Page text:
The other major initiative I worked on there was to assist with some broader strategic planning. Kufunda has historically operated with the assistance of external funding, covering the expenses of initiatives like the Youth Program and the Preschool, among many other projects. Additionally, external funding has provided a stipend for working members of Kufunda Learning Village, enabling them to work full-time to implement these projects.
Unfortunately, international funding has dried up as the global economic recession has spread and developed. The funding for key projects and stipends has been exhausted, creating a crisis for the organization and its members. As any organization would, Kufunda is facing some difficulty with the situation, trying to adapt to the reality of it while improving prospects for funding and transitioning into a new era of the organization’s development.
As such, my goal was to help Kufunda gain some clarity, focus and strategic direction to help it manage its current situation and progress. Despite drawing from external information and resources, Kufunda is a grassroots organization and its development and success has always been organic and internally driven. So my approach was to gather as much information as possible from the Kufundees themselves.
I interviewed everyone that was available about Kufunda’s current situation, where they would like to go, and how they would like to get there, providing one document with the organized results of the interviews and another with conclusions about the findings from the interviews and advice and suggestions for the strategic direction of the organization based upon those findings.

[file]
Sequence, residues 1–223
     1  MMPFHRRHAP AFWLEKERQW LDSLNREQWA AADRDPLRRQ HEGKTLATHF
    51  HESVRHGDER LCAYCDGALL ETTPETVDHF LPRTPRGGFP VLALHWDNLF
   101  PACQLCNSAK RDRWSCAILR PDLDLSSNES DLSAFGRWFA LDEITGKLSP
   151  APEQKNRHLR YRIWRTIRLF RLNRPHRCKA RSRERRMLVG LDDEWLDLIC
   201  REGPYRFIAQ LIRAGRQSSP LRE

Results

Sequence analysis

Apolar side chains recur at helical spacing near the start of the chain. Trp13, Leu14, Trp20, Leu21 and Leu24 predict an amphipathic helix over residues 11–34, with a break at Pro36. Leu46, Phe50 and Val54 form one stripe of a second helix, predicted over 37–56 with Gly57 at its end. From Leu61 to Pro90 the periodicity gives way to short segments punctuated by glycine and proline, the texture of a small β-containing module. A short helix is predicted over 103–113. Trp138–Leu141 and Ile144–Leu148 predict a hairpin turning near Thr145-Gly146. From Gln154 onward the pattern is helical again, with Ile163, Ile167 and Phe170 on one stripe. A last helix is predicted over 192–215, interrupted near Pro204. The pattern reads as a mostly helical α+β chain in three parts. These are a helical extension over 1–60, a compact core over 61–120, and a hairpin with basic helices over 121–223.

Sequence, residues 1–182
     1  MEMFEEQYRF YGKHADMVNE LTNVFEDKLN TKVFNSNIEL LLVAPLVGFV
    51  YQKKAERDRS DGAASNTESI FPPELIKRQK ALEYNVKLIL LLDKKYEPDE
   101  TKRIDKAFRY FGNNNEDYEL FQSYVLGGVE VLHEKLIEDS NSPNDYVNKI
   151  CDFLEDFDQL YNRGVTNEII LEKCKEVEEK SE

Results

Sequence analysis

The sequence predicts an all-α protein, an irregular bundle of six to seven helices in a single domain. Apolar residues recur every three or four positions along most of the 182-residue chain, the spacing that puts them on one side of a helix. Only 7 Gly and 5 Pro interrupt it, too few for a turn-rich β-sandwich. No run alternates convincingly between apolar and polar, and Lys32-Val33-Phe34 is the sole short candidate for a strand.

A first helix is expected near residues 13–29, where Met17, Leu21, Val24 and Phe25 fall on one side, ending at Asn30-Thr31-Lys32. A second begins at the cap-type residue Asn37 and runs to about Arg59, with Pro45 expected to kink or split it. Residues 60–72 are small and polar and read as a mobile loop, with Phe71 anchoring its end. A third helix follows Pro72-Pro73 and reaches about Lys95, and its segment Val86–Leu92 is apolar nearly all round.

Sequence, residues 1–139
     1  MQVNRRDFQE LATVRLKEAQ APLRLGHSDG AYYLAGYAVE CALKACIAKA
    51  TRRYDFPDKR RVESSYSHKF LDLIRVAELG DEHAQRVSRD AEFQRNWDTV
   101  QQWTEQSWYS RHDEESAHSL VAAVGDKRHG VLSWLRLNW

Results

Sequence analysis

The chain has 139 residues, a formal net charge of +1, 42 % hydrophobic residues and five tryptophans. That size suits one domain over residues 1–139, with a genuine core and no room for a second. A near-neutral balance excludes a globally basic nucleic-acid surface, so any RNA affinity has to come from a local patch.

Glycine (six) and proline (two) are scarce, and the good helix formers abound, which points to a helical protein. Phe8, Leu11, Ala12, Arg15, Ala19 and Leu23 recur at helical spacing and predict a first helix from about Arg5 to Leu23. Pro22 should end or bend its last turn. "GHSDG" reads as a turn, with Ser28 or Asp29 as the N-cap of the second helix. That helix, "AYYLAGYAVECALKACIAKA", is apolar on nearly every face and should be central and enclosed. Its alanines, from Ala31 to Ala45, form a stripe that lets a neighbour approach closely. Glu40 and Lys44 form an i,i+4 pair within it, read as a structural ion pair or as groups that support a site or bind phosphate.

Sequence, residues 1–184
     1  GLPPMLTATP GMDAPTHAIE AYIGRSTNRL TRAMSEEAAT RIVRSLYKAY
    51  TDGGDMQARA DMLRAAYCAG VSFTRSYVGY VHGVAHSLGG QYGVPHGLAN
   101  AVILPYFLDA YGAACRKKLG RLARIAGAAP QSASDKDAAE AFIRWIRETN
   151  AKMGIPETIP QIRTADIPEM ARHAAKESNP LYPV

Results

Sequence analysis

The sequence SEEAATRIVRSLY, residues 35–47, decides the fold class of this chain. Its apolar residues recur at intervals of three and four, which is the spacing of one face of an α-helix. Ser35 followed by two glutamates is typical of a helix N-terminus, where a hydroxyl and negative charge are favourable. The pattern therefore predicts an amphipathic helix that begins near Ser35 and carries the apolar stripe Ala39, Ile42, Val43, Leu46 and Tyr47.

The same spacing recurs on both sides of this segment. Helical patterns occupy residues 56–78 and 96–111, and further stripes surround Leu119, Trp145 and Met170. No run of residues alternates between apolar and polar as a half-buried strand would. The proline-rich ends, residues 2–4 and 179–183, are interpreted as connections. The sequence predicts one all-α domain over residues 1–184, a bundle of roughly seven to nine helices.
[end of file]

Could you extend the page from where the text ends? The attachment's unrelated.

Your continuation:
I asked everyone 12 critical questions, having 30 minute to 2 hour interviews with 23 Kufundees, including the security staff. My questions were direct and intended to get people in a conversational mood, which proved effective as individuals provided impassioned, intelligent and creative answers to my questions. Having such thorough conversations with the full breadth of the organization was extremely interesting and provided me a lot of insight into an organization that proved, unsurprisingly, to be truly special. Despite all the difficulties of life in Zimbabwe, these individuals chose to dedicate their time towards helping others learn how to live in positive “life-affirming” communities. When funding for their own livelihood dried up, these individuals believed in their mission so passionately that they stayed and worked anyhow.
Of course, the interviews revealed the frustration of the impact that the loss of funding is having on a variety of important projects, but the interviews also shed light on the impact the loss of funding had on the individual Kufundees themselves. I felt deeply for these altruistic people as they continued to show up for Kufunda tasks and responsibilities despite struggling to find part-time work to live off of.